For a union that has defeated almost every challenger on the playing field of state politics for more than two decades, the California Teachers Association's most powerful opponent may turn out to be what Justice Antonin Scalia recently described as "a committee of nine unelected lawyers."
On Tuesday, the U.S. Supreme Court agreed to decide whether the state's most powerful employee union has the right to require teachers to pay dues that fund the CTA's influence at both the bargaining table and the ballot box.
"The state cannot compel people to pay for speech with which they fundamentally disagree," said Terry Pell, president of the Center for Individual Rights, a libertarian-leaning nonprofit group that filed the case on behalf of 10 California teachers.
The case has been making its way through the federal court process for the past two years en route to a ruling from the nine justices, a slow process that's made it a bit of a sleeper in the world of news but nonetheless a fight that goes to the heart of the CTA's power: The membership dues paid by more than 300,000 educators.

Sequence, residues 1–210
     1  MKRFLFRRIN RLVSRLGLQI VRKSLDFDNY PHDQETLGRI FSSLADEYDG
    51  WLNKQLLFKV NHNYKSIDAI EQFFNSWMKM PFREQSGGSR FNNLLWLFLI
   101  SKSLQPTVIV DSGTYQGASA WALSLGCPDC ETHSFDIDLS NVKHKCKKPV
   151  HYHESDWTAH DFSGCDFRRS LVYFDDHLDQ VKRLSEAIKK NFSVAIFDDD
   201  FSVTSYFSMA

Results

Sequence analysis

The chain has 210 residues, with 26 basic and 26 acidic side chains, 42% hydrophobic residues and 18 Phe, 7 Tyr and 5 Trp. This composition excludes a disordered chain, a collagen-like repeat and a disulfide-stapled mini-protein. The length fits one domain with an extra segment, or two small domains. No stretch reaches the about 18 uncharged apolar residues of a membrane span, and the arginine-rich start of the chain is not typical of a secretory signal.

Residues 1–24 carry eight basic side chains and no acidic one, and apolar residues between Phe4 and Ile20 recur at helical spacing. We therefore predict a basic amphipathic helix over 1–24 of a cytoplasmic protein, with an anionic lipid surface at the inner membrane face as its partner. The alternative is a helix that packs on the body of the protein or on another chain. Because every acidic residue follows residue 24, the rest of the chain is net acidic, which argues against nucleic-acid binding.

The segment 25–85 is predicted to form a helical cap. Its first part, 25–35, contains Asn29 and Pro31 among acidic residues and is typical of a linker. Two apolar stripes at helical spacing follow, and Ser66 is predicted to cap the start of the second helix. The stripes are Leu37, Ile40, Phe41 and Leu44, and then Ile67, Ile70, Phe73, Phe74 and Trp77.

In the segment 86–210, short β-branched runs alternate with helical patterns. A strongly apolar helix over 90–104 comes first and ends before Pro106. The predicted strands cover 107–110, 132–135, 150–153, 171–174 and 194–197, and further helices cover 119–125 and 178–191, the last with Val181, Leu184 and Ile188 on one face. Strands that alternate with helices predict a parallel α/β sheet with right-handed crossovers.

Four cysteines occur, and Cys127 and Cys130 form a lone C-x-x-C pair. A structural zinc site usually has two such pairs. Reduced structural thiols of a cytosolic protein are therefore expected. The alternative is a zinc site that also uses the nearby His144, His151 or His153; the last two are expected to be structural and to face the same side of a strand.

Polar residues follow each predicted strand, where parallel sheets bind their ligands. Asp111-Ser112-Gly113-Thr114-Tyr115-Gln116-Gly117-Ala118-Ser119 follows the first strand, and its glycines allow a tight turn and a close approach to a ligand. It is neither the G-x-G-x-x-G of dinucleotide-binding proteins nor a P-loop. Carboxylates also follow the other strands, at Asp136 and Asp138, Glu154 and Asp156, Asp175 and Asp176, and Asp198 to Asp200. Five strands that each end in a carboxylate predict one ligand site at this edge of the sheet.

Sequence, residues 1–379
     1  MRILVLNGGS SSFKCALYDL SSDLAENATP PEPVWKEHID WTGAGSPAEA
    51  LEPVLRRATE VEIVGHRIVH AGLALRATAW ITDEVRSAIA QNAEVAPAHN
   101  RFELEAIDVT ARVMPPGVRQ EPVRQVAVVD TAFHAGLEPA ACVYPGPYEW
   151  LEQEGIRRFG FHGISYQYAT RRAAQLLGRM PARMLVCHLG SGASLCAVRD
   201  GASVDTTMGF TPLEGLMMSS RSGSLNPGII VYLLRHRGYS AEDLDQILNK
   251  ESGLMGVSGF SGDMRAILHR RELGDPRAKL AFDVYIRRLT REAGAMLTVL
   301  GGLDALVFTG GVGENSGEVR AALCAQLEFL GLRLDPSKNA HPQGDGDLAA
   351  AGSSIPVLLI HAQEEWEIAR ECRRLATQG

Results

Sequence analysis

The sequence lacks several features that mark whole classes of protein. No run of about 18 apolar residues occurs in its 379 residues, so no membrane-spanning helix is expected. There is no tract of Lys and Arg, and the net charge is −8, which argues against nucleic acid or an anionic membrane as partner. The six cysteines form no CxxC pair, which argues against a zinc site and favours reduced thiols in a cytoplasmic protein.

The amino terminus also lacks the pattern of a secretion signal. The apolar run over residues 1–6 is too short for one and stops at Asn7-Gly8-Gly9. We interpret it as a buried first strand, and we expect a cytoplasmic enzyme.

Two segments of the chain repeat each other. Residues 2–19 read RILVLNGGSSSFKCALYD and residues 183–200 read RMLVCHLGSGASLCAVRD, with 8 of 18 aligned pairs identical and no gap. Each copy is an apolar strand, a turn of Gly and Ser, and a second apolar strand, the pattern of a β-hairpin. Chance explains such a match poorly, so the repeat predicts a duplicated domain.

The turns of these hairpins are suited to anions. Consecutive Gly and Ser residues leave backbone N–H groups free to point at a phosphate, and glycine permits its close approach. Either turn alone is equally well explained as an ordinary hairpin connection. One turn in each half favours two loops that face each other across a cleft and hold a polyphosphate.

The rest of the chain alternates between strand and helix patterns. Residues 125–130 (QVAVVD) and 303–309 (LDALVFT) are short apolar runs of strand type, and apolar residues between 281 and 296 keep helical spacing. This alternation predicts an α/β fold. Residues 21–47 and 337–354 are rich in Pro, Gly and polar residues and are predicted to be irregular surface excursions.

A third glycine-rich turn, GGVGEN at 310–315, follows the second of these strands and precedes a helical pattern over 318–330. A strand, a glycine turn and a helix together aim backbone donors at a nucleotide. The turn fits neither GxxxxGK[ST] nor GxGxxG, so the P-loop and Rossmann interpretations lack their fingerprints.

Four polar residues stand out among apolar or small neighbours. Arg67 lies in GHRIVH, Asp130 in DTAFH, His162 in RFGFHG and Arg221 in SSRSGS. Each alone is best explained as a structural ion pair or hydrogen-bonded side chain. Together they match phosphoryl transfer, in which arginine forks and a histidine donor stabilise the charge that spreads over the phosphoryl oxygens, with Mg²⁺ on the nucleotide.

Like other unions, the CTA allows teachers to opt out of being full-fledged members who help fund its political campaigns. But it still requires what's called an "agency fee," dues that are supposed to cover only the costs of general services like collective bargaining. That system, itself a product of a U.S. Supreme Court ruling, dates back to a 1977 case involving public school teachers in Detroit.